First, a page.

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Can J Cardiol. 2011 Jul-Aug;27(4):455-60. doi: 10.1016/j.cjca.2011.05.001.

Comparative assessment of four blood pressure measurement methods in hypertensives.

[Article in English, French]

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The Institut de recherches cliniques de Montréal, Montreal, Québec, Canada.



Discordance between blood pressure (BP) measurement methods can occur and create ambiguity. New automated office BP monitors (AOBPs) are widely available, but their role is presently unclear. The objectives of this study are to quantify concordance among BP measurement methods and to define the diagnostic sensitivity, specificity, and predictive value of AOBPs in a population of hypertensive patients.


The office mercury sphygmomanometer, the AOBP, an ambulatory BP monitor (ABPM), and home self-measurement with an automatic device were compared in a randomized, crossover study. BP averages and achievement of therapeutic goals were defined. Comparisons and agreement tests were performed. Diagnostic indices were calculated for the AOBP.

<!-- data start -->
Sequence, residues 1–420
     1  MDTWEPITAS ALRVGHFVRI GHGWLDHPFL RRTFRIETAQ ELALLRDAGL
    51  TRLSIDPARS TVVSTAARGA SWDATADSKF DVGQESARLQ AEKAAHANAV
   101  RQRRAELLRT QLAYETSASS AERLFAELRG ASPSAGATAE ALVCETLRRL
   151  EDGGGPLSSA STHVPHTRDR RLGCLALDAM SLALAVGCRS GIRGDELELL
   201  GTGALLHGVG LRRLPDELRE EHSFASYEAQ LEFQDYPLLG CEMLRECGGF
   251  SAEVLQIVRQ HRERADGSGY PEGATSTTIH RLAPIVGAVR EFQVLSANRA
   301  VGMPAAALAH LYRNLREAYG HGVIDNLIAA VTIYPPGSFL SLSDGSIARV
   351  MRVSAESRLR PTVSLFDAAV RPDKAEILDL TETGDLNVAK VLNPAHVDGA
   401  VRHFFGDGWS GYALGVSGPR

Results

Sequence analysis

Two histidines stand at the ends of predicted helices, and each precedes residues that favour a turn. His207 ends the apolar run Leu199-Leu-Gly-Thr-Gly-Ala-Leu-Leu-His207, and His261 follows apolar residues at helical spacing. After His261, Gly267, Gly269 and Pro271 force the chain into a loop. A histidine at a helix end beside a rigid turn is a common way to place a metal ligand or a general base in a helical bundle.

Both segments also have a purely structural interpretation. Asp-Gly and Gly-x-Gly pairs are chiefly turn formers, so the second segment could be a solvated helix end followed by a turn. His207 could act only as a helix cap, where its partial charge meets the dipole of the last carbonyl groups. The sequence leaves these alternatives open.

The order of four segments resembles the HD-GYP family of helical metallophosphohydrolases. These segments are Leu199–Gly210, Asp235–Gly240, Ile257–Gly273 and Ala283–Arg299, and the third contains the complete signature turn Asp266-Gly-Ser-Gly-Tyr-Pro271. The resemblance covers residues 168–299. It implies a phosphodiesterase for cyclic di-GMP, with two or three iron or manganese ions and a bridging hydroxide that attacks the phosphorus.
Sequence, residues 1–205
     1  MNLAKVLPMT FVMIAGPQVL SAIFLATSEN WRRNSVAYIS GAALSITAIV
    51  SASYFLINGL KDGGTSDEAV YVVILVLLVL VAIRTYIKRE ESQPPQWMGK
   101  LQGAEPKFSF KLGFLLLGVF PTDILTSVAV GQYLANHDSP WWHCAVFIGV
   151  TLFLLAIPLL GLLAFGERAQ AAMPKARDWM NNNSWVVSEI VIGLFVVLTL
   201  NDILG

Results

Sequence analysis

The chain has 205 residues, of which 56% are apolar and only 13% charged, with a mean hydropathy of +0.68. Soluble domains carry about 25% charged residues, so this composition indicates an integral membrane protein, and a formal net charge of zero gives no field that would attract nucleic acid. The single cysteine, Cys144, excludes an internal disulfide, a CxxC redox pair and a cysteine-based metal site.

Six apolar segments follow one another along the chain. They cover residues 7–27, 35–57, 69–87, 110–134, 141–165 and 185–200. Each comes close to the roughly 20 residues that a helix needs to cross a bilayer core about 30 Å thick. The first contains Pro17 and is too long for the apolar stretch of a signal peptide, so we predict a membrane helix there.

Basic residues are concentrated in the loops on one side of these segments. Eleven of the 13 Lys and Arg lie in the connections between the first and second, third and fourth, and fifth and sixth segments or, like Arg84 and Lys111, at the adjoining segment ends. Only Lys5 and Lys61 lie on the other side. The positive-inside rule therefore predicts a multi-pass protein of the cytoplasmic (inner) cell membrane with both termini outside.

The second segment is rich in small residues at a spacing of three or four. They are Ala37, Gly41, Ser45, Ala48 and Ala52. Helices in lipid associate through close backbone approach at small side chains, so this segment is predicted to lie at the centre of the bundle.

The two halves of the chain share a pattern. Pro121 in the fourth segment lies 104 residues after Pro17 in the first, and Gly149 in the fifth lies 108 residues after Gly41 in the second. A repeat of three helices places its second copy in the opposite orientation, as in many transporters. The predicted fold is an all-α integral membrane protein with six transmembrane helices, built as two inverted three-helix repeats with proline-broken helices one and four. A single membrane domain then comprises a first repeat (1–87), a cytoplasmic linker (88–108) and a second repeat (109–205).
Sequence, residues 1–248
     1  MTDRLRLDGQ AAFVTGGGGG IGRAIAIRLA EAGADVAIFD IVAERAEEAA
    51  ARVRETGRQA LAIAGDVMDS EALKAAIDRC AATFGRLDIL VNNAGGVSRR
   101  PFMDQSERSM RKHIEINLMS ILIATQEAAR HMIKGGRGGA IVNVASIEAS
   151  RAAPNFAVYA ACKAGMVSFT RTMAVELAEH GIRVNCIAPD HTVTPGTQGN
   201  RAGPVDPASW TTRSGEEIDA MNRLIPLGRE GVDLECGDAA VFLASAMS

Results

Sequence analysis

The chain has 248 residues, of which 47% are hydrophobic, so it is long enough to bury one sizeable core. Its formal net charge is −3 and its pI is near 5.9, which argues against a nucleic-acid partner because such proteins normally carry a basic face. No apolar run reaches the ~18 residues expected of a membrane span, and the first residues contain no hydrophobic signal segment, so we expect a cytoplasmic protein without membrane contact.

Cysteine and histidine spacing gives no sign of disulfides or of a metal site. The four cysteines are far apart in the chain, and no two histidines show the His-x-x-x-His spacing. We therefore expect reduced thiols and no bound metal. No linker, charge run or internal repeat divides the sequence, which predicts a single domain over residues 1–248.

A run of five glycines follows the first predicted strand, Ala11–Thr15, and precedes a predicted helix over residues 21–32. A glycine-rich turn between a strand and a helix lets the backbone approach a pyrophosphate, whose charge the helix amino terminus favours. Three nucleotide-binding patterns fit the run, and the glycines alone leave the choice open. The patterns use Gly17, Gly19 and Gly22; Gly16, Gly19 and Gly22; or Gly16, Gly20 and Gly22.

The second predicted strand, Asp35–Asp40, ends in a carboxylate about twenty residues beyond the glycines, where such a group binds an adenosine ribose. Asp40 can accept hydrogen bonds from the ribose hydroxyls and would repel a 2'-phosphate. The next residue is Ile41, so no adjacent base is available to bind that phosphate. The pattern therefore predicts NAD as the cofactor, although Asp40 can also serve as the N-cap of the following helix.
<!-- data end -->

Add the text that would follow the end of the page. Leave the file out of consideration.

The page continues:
A total of 101 patients were enrolled. Average BP results were similar between measurement methods with the exception of daytime ABPM, which was significantly higher; figures are mean ± standard deviation (SD): sphygmomanometer, 129.9 ± 13.7/80.9 ± 9.3 mm Hg; AOBP, 128.4 ± 13.9/80.0 ± 9.4 mm Hg; 24-hour ABPM, 131.4 ± 11.7/78.7 ± 9.7 mm Hg; day ABPM, 135.5 ± 11.4/82.0 ± 11.9 mm Hg; home self-measurement, 131.0 ± 14.3/82.5 ± 8.2 mm Hg. Discordance in the achievement of therapeutic goals was observed in 58 patients, with only 26 cases being explained by masked hypertension or "white coat syndrome" according to all measurements. Disagreement was greater when office methods were compared with ambulatory methods.


This study shows that the 4 measurement strategies provide similar average BP estimates but generate many discordant results. The AOBP device can be very valuable as a replacement for the sphygmomanometer.

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